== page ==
(NEW YORK) -- New Mexico search and rescue teams are still on the hunt for a missing firefighter who was separated from fellow squad members during a routine call Friday in the Santa Fe National Forest, a search and rescue spokeswoman told ABC News.
Token Adams, 41, an engine captain with the Jemez Ranger District, was dispatched along with two other firefighters to assess a 30-acre fire triggered by lightning, Officer Karen Taiki of Santa Fe National Forest Search and Rescue said.
“They were triaging. It’s the initial attack,” Taiki said. “They split up on ATVs and were looking at the fire from all angles and trying to figure out the best vantage point. Two of them came back to their meeting place.”
However, Adams didn’t come back to the meeting place and hadn’t communicated via radio, which was unusual for an experienced firefighter and former hot shot, she said. After searching for him themselves and coming up with nothing, the New Mexico Search and Rescue team was called in.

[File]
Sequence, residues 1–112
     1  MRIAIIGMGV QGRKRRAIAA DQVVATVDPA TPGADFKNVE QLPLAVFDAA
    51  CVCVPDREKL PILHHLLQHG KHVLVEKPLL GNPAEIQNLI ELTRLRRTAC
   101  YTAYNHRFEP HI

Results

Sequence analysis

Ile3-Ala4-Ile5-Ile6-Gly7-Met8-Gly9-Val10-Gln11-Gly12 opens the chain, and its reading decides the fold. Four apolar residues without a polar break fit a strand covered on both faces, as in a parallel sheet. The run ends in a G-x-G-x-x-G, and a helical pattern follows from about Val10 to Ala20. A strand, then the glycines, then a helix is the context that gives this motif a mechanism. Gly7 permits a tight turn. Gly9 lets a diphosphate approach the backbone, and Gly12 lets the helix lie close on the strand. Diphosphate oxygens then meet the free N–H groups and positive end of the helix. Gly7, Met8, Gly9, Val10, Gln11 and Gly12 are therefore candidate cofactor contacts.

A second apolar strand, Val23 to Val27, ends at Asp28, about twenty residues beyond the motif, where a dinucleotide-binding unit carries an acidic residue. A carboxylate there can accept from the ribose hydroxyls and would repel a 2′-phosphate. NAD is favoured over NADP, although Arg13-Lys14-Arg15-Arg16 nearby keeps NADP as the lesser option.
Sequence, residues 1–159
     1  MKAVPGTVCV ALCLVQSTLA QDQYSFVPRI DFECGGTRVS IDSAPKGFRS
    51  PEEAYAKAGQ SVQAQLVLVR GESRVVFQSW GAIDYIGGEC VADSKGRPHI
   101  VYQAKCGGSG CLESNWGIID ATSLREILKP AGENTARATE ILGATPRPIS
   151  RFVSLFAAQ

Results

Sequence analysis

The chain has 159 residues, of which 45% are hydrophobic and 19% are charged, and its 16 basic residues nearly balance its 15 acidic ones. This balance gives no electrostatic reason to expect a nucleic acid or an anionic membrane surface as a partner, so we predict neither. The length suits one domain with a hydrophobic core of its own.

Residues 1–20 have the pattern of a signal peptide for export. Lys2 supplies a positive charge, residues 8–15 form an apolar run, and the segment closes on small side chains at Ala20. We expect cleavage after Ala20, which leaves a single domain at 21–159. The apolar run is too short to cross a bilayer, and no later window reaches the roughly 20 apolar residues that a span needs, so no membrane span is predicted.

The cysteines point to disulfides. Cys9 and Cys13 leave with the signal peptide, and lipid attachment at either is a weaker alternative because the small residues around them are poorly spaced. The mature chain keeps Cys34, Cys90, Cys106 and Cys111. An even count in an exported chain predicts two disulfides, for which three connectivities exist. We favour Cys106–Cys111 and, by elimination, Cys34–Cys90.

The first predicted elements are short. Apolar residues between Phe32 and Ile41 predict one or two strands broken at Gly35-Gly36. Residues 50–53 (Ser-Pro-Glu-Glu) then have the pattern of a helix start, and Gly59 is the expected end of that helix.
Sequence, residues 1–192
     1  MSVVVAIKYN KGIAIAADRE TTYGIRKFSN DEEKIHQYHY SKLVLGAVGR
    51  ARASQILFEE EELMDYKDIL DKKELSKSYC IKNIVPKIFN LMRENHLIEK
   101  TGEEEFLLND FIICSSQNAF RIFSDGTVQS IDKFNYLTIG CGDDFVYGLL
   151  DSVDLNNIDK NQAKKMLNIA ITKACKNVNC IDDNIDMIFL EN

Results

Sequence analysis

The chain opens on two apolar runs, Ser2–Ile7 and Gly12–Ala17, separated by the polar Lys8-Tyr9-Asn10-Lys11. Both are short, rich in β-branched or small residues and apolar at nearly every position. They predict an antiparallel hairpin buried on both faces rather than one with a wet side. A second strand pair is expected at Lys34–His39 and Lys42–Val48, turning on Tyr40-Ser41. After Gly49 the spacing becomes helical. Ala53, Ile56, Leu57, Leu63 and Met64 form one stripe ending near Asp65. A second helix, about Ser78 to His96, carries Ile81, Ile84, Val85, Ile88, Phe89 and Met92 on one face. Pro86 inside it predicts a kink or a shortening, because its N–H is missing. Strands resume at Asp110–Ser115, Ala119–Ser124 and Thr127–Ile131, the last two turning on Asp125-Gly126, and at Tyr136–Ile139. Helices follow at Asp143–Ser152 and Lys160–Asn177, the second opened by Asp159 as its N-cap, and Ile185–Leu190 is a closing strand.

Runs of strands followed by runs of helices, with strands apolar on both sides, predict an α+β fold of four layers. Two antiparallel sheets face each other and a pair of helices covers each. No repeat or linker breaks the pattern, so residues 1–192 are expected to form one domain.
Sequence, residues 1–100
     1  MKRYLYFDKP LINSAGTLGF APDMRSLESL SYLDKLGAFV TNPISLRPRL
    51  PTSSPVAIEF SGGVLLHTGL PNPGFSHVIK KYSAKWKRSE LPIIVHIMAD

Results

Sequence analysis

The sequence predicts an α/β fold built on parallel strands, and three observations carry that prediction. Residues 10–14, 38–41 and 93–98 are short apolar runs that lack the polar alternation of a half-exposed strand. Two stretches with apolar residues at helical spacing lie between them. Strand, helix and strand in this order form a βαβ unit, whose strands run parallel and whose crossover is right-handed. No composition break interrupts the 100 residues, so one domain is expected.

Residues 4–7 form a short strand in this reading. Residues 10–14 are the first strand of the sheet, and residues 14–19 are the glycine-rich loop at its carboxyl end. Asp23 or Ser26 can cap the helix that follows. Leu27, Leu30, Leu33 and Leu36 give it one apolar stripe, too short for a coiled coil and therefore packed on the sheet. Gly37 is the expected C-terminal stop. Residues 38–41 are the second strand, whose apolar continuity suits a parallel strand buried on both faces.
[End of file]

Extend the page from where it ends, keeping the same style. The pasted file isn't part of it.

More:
The New Mexico State Police, along with 60 search and rescue groups and 280 personnel, have been searching throughout the night in the Santa Fe National Forest, Taiki said. Rescue teams have been utilizing search dogs and looking by foot, on horse and in the air due to steep terrain.
“The roads out here are like spaghetti -- it winds together and it’s extremely confusing and dangerous. There are two- to three-hundred-foot drops. You have cliffs on the side. That’s the kind of terrain we’re dealing with,” she said. “The brush is even so thick they have used a heat-sensing airplane, but there was nothing found.”
Taiki added there are no leads in the search, but that search and rescue teams remain “optimistic.”
“He has extensive training and so we know he has really good survival skills,” Taiki said. “We’re just going to keep optimistic and see what happens.”
Adams is married with one son and is expecting another child in less than a month, officials said.
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